Capture of Ormuz (1507)

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For the Anglo-Persian conquest, see Capture of Ormuz (1622).
Capture of Ormuz
Part of Persia–Portugal war
Fortress of Hormuz.jpg
The city and fortress of Ormuz, 17th century
Date October, 1507
Location Ormuz, present day Iran
Result Capture of Ormuz by Portugal
Belligerents
Flag Portugal (1495).svg Portuguese Empire Safavid Flag.png Safavid Empire
Kingdom of Ormus
Commanders and leaders
Afonso de Albuquerque Unknown
Strength
460 men[1]
7 ships[2]
More than 30,000 men[3]

The Capture of Ormuz in 1507 occurred when the Portuguese Afonso de Albuquerque attacked Hormuz Island to establish the Castle of Ormuz. This conquest gave the Portuguese full control of the trade between India and Europe passing through the Persian Gulf.[4]

Portuguese map of Ormuz, 17th century

The capture of Ormuz was a result of a plan by the King of Portugal, Manuel I, who in 1505 had resolved to thwart Muslim trade in the Indian Ocean by capturing Aden, to block trade through Alexandria; Ormuz, to block trade through Beirut; and Malacca to control trade with China.[5] A fleet under Tristão da Cunha was sent to capture the Muslim fort on Socotra in order to control the entrance to the Red Sea; this was accomplished in 1507. The main part of the fleet then left for India, with a few ships remaining under Albuquerque.[6]

Albuquerque disobeyed orders and left to capture the island of Ormuz.[6] He obtained the submission of the local king to the king of Portugal, as well as the authorisation to build a fort using local labour.[7] He started to build a fort on 27 October 1507, and initially planned to man it with a garrison, but could not hold it because of local resistance and the defection to India of several of his Portuguese captains.[6][8][7]

During the works for the building there was the mutiny of the Captains, an episode of insubordination that led to the defection of three Portuguese captains to India. These, with the support of the sovereign of Ormuz, fought the forces of Albuquerque in early January 1508. After a few days of battle, Albuquerque was forced to withdraw from the city, abandoned the fort under construction. He sailed away on April 1508 with the two remaining ships. He returned to Socotra where he found the Portuguese garrison starving.[7] He remained in the Gulf of Aden to raid Muslim ships, and attacked and burnt the city of Kālhāt (Calayate).[7] He again returned to Ormuz, and then set sail to India on board a merchant ship he had captured.[7]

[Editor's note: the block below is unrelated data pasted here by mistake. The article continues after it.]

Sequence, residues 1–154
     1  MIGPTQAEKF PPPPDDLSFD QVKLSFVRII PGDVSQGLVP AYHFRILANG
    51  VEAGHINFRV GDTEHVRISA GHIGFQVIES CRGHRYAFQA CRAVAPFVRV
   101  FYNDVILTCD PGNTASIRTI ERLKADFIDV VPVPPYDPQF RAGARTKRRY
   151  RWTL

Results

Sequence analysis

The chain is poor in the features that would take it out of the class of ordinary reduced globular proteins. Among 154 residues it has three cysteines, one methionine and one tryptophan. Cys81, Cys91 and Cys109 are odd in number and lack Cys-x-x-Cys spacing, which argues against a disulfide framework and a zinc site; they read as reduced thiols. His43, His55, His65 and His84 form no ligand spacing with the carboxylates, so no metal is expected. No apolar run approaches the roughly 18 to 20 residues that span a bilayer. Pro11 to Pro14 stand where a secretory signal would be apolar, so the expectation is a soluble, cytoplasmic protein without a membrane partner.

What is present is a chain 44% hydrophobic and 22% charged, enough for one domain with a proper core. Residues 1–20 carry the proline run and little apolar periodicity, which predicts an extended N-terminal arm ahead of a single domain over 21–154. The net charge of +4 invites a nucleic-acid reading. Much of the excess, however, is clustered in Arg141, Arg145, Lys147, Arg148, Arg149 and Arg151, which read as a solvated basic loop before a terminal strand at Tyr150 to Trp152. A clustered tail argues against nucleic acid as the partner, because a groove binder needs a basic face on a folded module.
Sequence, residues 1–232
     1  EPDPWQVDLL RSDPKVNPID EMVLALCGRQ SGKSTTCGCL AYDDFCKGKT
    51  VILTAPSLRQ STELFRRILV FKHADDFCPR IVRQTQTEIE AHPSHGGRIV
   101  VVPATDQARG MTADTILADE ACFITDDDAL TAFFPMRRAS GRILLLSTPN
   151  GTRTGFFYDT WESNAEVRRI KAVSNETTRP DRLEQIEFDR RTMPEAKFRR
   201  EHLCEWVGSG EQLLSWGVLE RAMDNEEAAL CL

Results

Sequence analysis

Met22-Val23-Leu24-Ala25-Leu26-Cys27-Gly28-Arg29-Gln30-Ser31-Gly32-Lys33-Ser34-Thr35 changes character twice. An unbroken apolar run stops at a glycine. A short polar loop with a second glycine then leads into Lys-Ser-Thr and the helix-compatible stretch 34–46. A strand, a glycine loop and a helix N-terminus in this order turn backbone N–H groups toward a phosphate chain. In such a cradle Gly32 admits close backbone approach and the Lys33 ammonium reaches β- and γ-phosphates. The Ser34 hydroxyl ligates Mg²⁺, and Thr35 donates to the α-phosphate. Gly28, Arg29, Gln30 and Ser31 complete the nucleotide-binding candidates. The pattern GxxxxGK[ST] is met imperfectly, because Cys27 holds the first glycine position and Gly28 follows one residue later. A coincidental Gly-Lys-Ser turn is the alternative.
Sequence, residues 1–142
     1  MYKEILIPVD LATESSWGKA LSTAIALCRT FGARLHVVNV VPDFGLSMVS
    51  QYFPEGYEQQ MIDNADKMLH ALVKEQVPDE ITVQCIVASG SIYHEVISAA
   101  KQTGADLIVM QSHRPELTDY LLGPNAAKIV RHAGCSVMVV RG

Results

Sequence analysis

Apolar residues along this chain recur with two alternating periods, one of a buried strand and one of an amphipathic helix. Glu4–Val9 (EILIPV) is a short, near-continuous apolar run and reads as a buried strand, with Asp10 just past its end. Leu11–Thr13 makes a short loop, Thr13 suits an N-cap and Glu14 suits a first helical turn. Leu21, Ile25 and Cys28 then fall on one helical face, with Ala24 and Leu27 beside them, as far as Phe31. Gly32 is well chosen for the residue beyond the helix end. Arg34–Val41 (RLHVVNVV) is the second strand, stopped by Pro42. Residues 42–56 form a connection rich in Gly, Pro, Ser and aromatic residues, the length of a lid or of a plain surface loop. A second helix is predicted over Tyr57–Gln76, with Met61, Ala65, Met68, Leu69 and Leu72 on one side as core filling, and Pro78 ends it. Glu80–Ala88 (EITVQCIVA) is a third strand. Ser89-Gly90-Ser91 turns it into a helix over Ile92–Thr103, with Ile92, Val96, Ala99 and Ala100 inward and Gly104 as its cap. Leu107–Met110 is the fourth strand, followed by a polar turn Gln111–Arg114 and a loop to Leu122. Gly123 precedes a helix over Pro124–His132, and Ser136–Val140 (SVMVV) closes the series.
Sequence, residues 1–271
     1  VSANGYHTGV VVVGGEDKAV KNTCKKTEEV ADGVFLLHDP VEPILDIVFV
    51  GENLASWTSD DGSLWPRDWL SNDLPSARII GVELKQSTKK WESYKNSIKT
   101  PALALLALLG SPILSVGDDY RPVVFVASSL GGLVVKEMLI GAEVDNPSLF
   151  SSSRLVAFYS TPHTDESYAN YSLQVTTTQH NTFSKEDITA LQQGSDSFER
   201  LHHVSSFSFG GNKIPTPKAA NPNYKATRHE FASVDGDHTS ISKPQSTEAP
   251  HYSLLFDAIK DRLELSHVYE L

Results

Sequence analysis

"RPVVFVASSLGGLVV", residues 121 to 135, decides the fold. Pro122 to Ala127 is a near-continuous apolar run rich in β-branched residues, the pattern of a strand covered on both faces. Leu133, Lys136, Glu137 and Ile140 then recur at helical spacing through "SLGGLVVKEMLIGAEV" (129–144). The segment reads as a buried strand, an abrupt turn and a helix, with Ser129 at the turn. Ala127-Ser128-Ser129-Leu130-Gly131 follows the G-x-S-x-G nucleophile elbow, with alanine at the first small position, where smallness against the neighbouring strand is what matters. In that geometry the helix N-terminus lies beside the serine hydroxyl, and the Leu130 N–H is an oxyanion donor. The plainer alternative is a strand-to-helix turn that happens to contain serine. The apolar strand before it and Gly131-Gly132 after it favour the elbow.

In March 1515, Albuquerque returned to Ormuz, leading a fleet of 27 vessels, with a strength of 1,500 soldiers and 700 malabaris, determined to regain it. He held the position of the ancient fortress on April 1, referring to the building, now under a new name: Fort of Our Lady of the Conception.

In 1622, a combined Anglo-Persian force combined to take over the Portuguese garrison at Hormuz Island in the Capture of Ormuz (1622), thus opening up Persian trade with England.[9] "The capture of Ormuz by an Anglo-Persian force in 1622 entirely changed the balance of power and trade".[10]

See also[edit]

Notes[edit]

  1. ^ Fraser, p.39
  2. ^ Fraser, p.39
  3. ^ Fraser, p.39
  4. ^ Sykes, p.279
  5. ^ Malabar manual by William Logan p.312 [1]
  6. ^ a b c The New Cambridge Modern History: The Reformation, 1520-1559 Geoffrey Rudolph Elton p.662 [2]
  7. ^ a b c d e Albuquerque Henry Morse Stephens p.54ff [3]
  8. ^ Foundations of the Portuguese empire, 1415-1580 Bailey Wallys Diffie p.472 [4]
  9. ^ Chaudhuri, p.64 [5]
  10. ^ A History of Christianity in India by Stephen Neill p.549 [6]

References[edit]

  • Percy Molesworth Sykes A History of Persia READ BOOKS, (2006) ISBN 1-4067-2692-3
  • James-Baillie Fraser Narrative of a Journey Into Khorasan, in the Years 1821 and 1822, (1825)